Team Penske

This might be Josef Newgarden’s month at Indianapolis Motor Speedway.

The sixth-year Team Penske driver and two-time NTT INDYCAR SERIES champion won his first Ruoff Mortgage Pit Stop Challenge on Friday, and he hopes to add his first Indianapolis 500 presented by Gainbridge to his resume Sunday.

Newgarden and the crew of the No. 2 Shell Team Penske Chevrolet led by chief mechanic Travis Law beat NTT P1 Award winner Scott Dixon (No. 9 PNC Bank Honda of Chip Ganassi Racing) in the finals of the annual 12-team Miller Lite Carb Day competition in front of a boisterous gathering in Tower Terrace.

Newgarden’s crew was effectively perfect in its three passes. Its slowest was 11.569 seconds; its quickest 10.948 seconds, the latter the only sub-11-second run of the event.

The winners ousted Dixon’s team, 2-0, in the best-of-three final round, the first finals sweep since the format was adopted in 2017. They beat the crews of Alex Palou (No. 10 NTT DATA Honda of Chip Ganassi Racing), Pato O’Ward (No. 5 Arrow McLaren SP) and Dixon in succession.

The victory extended Team Penske’s Pit Stop Challenge record to 18 victories, the same number the team has earned in the “500” – also a record. Fifty years ago, Roger Penske’s organization won its first “500” with Mark Donohue driving.

Law led Helio Castroneves’ crew to victory in the event in 2015 and 2016. The No. 2 crew earned $50,000 in awards today from a prize pool of $100,000.

The Pit Stop Challenge was held for the first time in 1977. Dixon’s crew has won three times.

Newgarden said the crowd’s energy in support of the event reminded him of old times at IMS.

“The energy is great to feel again,” he said. “Not only the whole month leading up to it but Carb Day … I can’t even wait until Race Day. I can’t imagine what it’s going to be like, and it will feel so good.”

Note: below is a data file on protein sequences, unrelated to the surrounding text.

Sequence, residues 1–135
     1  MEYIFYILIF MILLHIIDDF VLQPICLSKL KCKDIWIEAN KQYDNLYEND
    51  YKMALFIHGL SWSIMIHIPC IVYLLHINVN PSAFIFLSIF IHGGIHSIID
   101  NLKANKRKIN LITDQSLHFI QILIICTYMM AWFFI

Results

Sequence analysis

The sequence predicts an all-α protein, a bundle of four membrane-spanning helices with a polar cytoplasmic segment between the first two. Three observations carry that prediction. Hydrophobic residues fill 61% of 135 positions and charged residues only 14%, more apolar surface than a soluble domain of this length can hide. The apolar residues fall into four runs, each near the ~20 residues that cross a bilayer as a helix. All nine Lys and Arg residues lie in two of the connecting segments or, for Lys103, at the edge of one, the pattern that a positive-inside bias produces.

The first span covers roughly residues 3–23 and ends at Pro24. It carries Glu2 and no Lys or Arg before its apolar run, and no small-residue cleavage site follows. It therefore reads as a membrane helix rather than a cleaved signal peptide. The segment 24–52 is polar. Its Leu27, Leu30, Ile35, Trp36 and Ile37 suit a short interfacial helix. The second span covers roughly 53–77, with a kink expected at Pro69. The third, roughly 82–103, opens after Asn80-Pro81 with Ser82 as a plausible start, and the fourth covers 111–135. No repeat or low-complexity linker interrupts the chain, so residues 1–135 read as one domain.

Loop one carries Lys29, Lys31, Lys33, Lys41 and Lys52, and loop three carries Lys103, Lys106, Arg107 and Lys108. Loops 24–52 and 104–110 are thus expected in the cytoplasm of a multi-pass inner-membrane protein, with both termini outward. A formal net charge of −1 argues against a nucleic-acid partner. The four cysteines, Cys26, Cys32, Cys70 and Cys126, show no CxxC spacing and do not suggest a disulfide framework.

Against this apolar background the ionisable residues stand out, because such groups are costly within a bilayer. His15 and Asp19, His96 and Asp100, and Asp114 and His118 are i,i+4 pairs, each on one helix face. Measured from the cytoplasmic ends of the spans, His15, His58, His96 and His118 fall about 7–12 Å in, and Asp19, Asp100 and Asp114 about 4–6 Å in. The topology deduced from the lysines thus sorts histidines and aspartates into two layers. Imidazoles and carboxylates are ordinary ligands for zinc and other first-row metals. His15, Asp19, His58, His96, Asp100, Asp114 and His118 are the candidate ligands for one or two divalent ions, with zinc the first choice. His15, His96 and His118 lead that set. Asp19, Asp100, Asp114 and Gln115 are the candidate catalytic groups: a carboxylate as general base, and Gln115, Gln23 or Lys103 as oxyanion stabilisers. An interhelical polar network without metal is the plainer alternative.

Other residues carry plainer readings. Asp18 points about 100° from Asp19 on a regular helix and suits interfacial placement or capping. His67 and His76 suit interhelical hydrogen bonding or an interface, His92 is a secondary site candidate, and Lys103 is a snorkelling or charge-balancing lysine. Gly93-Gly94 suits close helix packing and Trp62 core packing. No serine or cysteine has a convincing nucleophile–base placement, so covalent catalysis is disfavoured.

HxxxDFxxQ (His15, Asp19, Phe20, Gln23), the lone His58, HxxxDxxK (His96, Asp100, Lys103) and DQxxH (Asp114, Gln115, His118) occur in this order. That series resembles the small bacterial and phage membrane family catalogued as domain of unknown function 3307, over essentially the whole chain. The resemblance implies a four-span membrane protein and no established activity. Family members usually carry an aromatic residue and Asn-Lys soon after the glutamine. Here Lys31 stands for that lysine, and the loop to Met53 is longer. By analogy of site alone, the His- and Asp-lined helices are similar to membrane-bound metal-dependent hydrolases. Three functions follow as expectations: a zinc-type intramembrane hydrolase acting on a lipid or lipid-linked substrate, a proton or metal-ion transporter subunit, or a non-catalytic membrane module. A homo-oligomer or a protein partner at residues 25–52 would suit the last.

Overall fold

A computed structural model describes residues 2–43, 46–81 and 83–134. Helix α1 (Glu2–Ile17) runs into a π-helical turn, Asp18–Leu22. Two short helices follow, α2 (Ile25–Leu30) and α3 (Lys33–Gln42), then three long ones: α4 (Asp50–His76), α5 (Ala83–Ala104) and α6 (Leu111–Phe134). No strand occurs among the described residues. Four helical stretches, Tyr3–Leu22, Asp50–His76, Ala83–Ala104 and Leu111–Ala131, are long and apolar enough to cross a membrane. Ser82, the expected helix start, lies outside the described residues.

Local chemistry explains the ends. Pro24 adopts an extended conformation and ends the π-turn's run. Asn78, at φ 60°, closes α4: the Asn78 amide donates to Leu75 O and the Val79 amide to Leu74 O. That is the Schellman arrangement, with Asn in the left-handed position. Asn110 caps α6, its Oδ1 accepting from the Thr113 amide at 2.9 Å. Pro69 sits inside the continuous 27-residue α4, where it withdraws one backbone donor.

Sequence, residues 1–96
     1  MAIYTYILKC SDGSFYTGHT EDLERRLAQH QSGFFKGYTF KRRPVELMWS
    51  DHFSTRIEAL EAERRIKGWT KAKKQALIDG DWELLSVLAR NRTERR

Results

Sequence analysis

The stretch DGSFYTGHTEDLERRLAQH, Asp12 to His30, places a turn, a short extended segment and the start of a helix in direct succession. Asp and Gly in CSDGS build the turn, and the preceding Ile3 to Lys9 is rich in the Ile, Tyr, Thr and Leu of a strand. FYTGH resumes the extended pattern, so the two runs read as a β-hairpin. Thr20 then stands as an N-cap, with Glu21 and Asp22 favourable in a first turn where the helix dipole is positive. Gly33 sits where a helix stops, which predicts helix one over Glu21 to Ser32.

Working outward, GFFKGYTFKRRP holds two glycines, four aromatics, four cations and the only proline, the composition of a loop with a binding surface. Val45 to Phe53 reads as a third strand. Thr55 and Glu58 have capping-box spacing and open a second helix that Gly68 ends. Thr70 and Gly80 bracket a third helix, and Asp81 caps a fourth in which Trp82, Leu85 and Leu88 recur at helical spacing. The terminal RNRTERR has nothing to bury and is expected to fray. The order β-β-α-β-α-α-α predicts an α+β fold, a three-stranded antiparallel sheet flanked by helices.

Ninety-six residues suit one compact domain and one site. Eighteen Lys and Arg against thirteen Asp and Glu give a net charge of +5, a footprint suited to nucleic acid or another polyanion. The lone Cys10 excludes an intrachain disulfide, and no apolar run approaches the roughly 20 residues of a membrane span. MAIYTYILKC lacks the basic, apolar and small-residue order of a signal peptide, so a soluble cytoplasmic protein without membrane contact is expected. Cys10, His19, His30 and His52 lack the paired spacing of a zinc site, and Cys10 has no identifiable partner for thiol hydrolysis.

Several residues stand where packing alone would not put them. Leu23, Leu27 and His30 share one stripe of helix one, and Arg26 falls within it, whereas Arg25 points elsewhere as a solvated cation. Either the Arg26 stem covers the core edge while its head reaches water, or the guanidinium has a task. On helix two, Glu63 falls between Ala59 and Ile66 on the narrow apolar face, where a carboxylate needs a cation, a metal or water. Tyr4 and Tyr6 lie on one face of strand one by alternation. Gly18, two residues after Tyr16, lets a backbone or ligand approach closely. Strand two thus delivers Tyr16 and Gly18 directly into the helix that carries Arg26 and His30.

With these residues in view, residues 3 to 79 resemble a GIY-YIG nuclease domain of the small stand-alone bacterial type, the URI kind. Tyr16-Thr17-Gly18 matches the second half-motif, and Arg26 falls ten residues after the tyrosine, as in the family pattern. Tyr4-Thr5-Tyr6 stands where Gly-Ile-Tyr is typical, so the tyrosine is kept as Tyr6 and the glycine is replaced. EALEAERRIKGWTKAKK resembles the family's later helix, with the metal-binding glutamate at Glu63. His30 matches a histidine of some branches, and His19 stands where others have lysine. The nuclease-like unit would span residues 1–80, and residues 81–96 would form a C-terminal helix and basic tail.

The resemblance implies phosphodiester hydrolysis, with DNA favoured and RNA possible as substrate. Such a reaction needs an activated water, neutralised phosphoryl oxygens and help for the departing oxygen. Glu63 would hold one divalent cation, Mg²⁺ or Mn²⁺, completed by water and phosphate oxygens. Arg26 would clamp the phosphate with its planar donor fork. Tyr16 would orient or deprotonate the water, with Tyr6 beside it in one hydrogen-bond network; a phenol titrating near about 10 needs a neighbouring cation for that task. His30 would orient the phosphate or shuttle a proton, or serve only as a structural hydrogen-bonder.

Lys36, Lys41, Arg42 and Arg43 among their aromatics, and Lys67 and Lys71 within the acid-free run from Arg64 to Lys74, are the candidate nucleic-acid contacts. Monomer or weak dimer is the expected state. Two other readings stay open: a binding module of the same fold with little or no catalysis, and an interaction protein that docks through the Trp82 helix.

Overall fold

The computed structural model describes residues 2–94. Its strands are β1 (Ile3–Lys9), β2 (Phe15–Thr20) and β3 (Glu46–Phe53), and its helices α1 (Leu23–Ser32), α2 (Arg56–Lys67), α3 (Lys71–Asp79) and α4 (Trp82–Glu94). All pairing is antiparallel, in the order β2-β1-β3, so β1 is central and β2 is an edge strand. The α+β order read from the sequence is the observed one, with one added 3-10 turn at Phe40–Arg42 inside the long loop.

Malukas, Herta Experience Turn 1 Accidents

The crews of Colton Herta (No. 26 Gainbridge Honda of Andretti Herta Autosport w/Curb-Agajanian) and rookie David Malukas (No. 18 HMD Honda of Dale Coyne Racing with HMD) have work to do in preparation for Sunday’s race due to Turn 1 accidents in the Carb Day practice.

The session was limited to 90 minutes due to late-morning rain. Herta had the more damaging of the two accidents, the back of the car snapping and hitting the wall and the incident ending with Herta upside down. He was not injured and later withdrew from the Pit Stop Challenge.

“I feel a bit of sadness for that race car,” Herta told NBC. “We were loose the whole session. I went too fast for the corner and air got underneath it. I’m all fine. It does look like a pretty big shunt.”

Herta credited the aeroscreen for helping to keep him safe.

Malukas was attempting an inside pass on Santino Ferrucci (No. 23 Palermo’s Screamin Sicilian DRR Chevrolet of Dreyer & Reinbold Racing) when they made wheel-to-wheel contact, flattening Malukas’ right rear tire. Ferrucci was penalized for avoidable contact. The penalty was a 20-minute stop and hold during the practice.

Malukas said he had a small bruise on his left foot, but he otherwise escaped injury.

“That was a very big hit, one of the biggest I’ve felt,” he said. “For some reason, (Ferrucci) turned down. My tire went flat; you can’t do much with a flat tire at those speeds.”

Malukas said he made a similar move on Dalton Kellett (No. 4 K-LINE/AJ Foyt Racing Chevrolet) two laps earlier without incident. Ferrucci accepted responsibility.

“I’m glad he’s OK, first of all,” he said. “Big hit. He was coming, I heard from the spotters. It was a late blast; it was past the turn-in point for me. I checked up; I thought I timed it well.

“Clearly (I) didn’t. It’s my mistake. It is what it is.”

Coincidentally, Ferrucci drove for Dale Coyne’s car for two years and was in the No. 18 entry in 2020. Also, former INDYCAR SERIES driver and Indianapolis 500 pole sitter Pancho Carter is Malukas’ spotter; Carter’s son, Dane, is Ferrucci’s. Both Carters work from Turn 1.